Recently AWS released support for IPv6 traffic over the AWS Site-to-Site VPN (IPSec). The setup of the AWS Site-to-Site VPN has always been quite straight forward and thanks to the downloadable configuration files at times even trivial. With the introduction of IPv6 support this is unfortunately no longer the case. Therefore this blog post will guide you around some of the pitfalls of setting up an AWS Site-to-Site VPN with IPv6 support, hoping that they will eventually be removed and this post become unnecessary.
A few constraints apply when using AWS Site-to-Site VPN (IPSec) with IPv6:
- The outside tunnel IP addresses - which are the public non-RFC1918 addresses - still only support IPv4. You can only use IPv6 on the inside of the tunnel, in order to carry IPv6 traffic between your on-premises network and AWS.
- You have to use an AWS Transit Gateway (TGW) as the AWS termination of your VPN. Site-to-Site VPNs to a Virtual Private Gateways (VGW) do not support IPv6.
- You cannot retrofit existing Site-to-Site connections with IPv6, but need to create a new connection.
- A Site-to-Site VPN connection can only support IPv4, or IPv6. This means that if you need to carry both IPv4 and IPv6 traffic between AWS and on-premises you need to create two separate connections, one for IPv4 and one for IPv6 (See Figure 1).
As each AWS Site-to-Site VPN connection consist of two tunnels, in the case of supporting IPv4/IPv6 Dualstack traffic you will therefore end up with a total of four tunnels, two for IPv4 traffic and two for IPv6 traffic. Also note that this means you’ll be paying separately for the tunnel carrying the IPv4 traffic as well as for the tunnel carrying the IPv6 traffic.
The creation of a Site-to-Site VPN connection is straight forward and only differs from its IPv4 counterpart by setting the “Tunnel Inside IP version” to IPv6 instead of IPv4 (See Figure 2).
The IPv6 enabled Site-to-Site VPN connection also supports defining the IPv6 addresses used within the tunnel yourself. If you want to make use of this capability you have to select a /126 IPv6 subent out of the fd00::/8 Unique local address address range. This is useful to prevent IP address collisions across multiple tunnels. Although with IPv6 addresses, such a collision is much less likely than with IPv4.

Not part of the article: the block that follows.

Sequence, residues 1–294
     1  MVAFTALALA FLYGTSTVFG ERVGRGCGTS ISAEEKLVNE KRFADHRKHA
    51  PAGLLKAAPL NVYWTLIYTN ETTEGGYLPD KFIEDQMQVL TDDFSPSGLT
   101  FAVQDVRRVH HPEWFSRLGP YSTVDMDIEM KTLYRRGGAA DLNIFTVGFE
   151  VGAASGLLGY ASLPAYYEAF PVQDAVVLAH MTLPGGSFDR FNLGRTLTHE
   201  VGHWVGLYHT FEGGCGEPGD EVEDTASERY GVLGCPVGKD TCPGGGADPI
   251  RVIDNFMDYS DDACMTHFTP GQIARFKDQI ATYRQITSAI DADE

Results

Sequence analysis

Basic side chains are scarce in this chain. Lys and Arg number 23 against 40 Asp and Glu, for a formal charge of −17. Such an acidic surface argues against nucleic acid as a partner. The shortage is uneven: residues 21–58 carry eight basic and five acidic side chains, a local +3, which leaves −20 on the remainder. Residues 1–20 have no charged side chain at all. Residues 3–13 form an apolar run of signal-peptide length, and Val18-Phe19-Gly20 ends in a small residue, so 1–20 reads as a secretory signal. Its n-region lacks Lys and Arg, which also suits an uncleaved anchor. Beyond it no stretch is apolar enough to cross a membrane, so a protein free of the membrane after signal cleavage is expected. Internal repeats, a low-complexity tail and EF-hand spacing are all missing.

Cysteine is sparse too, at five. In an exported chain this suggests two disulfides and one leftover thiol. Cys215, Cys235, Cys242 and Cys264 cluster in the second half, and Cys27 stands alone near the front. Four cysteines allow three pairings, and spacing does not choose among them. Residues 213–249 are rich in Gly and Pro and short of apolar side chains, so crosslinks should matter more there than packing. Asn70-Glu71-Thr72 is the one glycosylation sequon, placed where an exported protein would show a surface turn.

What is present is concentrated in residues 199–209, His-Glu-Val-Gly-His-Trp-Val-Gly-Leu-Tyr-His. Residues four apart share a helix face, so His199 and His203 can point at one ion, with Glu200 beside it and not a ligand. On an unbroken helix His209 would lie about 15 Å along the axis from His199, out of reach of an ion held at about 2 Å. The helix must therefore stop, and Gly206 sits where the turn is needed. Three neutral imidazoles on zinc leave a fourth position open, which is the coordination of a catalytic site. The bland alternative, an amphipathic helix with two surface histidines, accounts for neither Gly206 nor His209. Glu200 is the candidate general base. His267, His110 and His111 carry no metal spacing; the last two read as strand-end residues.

Basic configuration information
When configuring the costumer-side of the solution, the challenges will start. Having a look at the Tunnel details for a newly created AWS Site-to-Site VPN with IPv6 support will yield some surprising results (See Figure 3).
You’ll see that for both tunnels “Inside IPv4 CIDRs” from the 169.254.0.0/16 Link-local address range will be shown. As mentioned previously an AWS Site-to-Site connection - and thereby its tunnels - only supports either IPv4 or IPv6. As this is an IPv6 enabled tunnel, the displayed Inner IPv4 CIDRs are irrelevant from a tunnel transport perspective. You can completely ignore them when configuring the tunnel itself. The provided information does come in handy with regards to the BGP router ID. In the above case, with Tunnel 1 the AWS side of the BGP session uses the BGP router ID of 169.254.123.89. To prevent collisions you should therefore not use the same BGP router ID on your side.
Next you will notice that for the “Inside IPv6 CIDRs” the addresses are provided with a /128 netmask - which is the IPv6 equivalent of /32 and therefore a “host-only” netmask. This netmask therefore only contains a single IP address. Yet the documentation clearly calls out that these “Inside IPv6 CIDRs” should be a /126 IPv6 CIDR block, which includes 4 IPv6 addresses. A /126 IPv6 CIDR is the equivalent of a /30 IPv4 CIDR. Also the provided IPv6 address from the fd00::/8 Unique local address address range ends in an odd number and is therefore not a network address, which always end in even numbers. Turns out that the displayed IPv6 address is actually the AWS side of the inner connection.
So with the value of “fdbe:1a26:45b0:4631:ca60:3307:371b:6315/128” displayed in the provided example, the relevant IPv6 information would be:
- Subnet (aka CIDR): fdbe:1a26:45b0:4631:ca60:3307:371b:6314/126
- AWS-side interface address: fdbe:1a26:45b0:4631:ca60:3307:371b:6315/126
- Customer-side address: fdbe:1a26:45b0:4631:ca60:3307:371b:6316/126
You should notice the pattern for constructing the necessary IPv6 information:
- Subnet (aka CIDR): Provided IPv6 address - 1
- AWS-side interface address: Provided IPv6 address
- Customer-side address: Provided IPv6 address + 1
Just keep in mind that IPv6 addresses use hex digits, which start with 0,1,2,.. then continue with ..,8,9,A,B,.. and end with ..,E,F.
You can double check your conversion math knowing that the used netmask is a /128, allowing IPv6 subnets with 4 addresses. Therefore 4 different combinations of trailing IPv6 digits exist:
- Subnet (aka CIDR): Must always end in 0,4,8,C
- AWS-side interface address: Must always end in 1,5,9,D